Title:
LITHIUM-METAL-OXIDE COMPOSITE ELECTRODES
Kind Code:
A1


Abstract:
A composite material having: particles of a first lithium-metal oxide compound, particles of a conductive second lithium-metal oxide compound, a conductive matrix, and a polymeric binder.



Inventors:
Stux, Arnold M. (Washington, DC, US)
Lyons, Karen Swider (Alexandria, VA, US)
Application Number:
11/307367
Publication Date:
08/09/2007
Filing Date:
02/03/2006
Assignee:
THE GOVERNMENT OF THE UNITED STATES OF AMERICA, AS REPRESENTED BY THE SECRETARY OF THE NAVY (Washington, DC, US)
Primary Class:
Other Classes:
252/182.1, 252/506, 252/519.3, 252/521.2, 252/521.5, 429/232
International Classes:
H01B1/20; H01B1/24; H01M4/131; H01M4/48; H01M4/485; H01M4/50; H01M4/505; H01M4/52; H01M4/525; H01M4/58; H01M10/052; H01M10/36; H01M4/02
View Patent Images:
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Primary Examiner:
DOVE, TRACY MAE
Attorney, Agent or Firm:
NAVAL RESEARCH LABORATORY (WASHINGTON, DC, US)
Claims:
What is claimed as new and desired to be protected by Letters Patent of the United States is:

1. A composite material comprising: particles of a first lithium-metal-oxide compound; particles of a conductive second lithium-metal-oxide compound; a conductive matrix; and a polymeric binder.

2. The composite material of claim 1, wherein the second lithium-metal-oxide compound has a resistivity of no more than about 500 Ω·cm.

3. The composite material of claim 1, wherein the second lithium-metal-oxide compound has a resistivity of no more than about 100 Ω·cm.

4. The composite material of claim 1, wherein the second lithium-metal-oxide compound has a resistivity of no more than about 50 Ω·cm.

5. The composite material of claim 1, wherein the second lithium-metal-oxide compound has a resistivity of no more than about 20 Ω·cm.

6. The composite material of claim 1, wherein the first lithium-metal-oxide compound is LiCoO2.

7. The composite material of claim 1, wherein the first lithium-metal-oxide compound is LiCoO2, LiFePO4, LiMn2O4, LiNiO2, LiCoxMnyNi(1-x-y)O2, or a combination thereof.

8. The composite material of claim 1, wherein the second lithium-metal-oxide compound is Li2RuO3.

9. The composite material of claim 1, wherein the second lithium-metal-oxide compound is LiMoO2.

10. The composite material of claim 1, wherein the conductive matrix is carbon black.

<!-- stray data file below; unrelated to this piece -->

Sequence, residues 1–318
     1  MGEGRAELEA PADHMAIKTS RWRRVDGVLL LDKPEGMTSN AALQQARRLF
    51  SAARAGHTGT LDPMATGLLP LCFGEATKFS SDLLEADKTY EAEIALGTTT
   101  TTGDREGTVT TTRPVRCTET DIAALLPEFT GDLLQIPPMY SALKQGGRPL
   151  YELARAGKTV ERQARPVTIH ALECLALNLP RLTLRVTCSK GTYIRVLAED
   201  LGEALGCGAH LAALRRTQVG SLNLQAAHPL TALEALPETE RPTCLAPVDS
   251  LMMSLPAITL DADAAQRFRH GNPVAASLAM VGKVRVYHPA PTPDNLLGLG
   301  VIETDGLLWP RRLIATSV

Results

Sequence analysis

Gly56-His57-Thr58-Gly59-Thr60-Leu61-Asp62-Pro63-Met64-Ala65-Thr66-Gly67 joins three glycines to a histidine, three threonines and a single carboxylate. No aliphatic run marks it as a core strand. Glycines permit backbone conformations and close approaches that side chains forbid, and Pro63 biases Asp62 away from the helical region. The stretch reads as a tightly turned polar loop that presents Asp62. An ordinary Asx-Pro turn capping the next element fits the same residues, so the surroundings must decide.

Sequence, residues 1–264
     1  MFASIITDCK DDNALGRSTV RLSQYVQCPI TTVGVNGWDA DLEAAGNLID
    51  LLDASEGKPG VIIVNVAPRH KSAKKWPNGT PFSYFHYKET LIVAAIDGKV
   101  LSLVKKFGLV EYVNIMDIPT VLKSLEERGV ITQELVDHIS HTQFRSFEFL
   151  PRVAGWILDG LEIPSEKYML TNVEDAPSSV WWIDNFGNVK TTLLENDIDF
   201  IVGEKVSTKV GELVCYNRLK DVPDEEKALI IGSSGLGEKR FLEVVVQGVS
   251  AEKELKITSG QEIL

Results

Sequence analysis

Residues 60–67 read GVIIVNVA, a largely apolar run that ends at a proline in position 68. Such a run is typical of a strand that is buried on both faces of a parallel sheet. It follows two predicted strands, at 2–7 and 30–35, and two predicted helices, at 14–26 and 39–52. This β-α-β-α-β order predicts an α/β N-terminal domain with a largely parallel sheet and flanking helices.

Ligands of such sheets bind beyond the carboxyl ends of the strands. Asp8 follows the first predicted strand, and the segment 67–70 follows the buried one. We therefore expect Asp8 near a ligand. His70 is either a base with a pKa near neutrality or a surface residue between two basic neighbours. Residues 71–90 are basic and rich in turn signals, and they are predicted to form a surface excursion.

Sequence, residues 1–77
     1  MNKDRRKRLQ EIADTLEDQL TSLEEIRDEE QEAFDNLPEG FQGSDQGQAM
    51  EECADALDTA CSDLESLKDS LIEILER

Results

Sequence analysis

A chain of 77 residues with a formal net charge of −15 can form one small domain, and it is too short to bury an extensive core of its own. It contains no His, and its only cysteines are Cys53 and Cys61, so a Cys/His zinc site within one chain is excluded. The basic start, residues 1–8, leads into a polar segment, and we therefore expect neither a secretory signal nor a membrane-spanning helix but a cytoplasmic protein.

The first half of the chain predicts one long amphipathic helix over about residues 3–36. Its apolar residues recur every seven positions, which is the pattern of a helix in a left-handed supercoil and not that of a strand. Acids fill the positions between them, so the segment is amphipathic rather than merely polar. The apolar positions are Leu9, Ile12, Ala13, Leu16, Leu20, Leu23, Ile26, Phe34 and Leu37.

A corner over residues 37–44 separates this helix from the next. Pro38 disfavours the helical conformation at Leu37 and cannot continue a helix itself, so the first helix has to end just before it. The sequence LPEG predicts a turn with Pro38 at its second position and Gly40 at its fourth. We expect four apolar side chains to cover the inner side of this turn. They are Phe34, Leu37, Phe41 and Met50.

11. The composite material of claim 1, wherein the polymeric binder is polyvinylidene fluoride.

12. The composite material of claim 1, wherein the weight ratio of the first lithium-metal-oxide compound to the second lithium-metal oxide compound is from about 10:90 to about 90:10.

13. The composite material of claim 1, wherein the weight ratio of the first lithium-metal-oxide compound to the second lithium-metal-oxide compound is from about 50:50 to about 90:10.

14. An electrode comprising the composite material of claim 1.

15. A battery comprising: a cathode comprising the composite material of claim 1; an anode; and a lithium ion permeable separator between the cathode and the anode.

16. A method of powering a device comprising: providing the battery of claim 15; and connecting a load to the anode and the cathode.

Description:

FIELD OF THE INVENTION

The invention relates generally to lithium-metal-oxide (Li-M-O) composite materials and batteries.

DESCRIPTION OF RELATED ART

Many commercial Li-ion batteries use LiCoO2 or a partially substituted variation as the insertion material at the positive electrode. These layered structures have chemical and electrochemical stability (Tarragon et al., Nature (London), 414, 359 (2001); Manthiram et al., Recent Res. Dev. Electrochem., 2, 31 (1999); all referenced publications and patent documents are incorporated herein by reference), relatively high capacity of approximately 140 mAh/g, and a discharge plateau of 3.8 V. Modern electronic applications increasingly demand more specific energy, motivating researchers to further increase the capacity of LiCoO2. Several strategies exist for improving the capacity of LiCoO2, such as using a carbon coating to increase electronic conductivity (Cushing et al., Solid State Sci., 4, 1487 (2002)). In addition, metal oxide coatings, such as Al2O3, MgO, and SnO2, and the heating methods used to apply the coatings, can enhance the capacity and capacity retention of LiCoO2 (Wang et al., Solid State Ionics, 148, 335 (2002); Chen et al., Electrochem. Solid-State Lett, 6, A221 (2003)). Also, coating lithium metal oxides with other active insertion materials has resulted in some increase in capacity (Cho et al., Electrochem. Solid-State Lett., 2, 253 (1999); Kannan et al., Electrochem. Solid-State Lett., 6, A16 (2003)).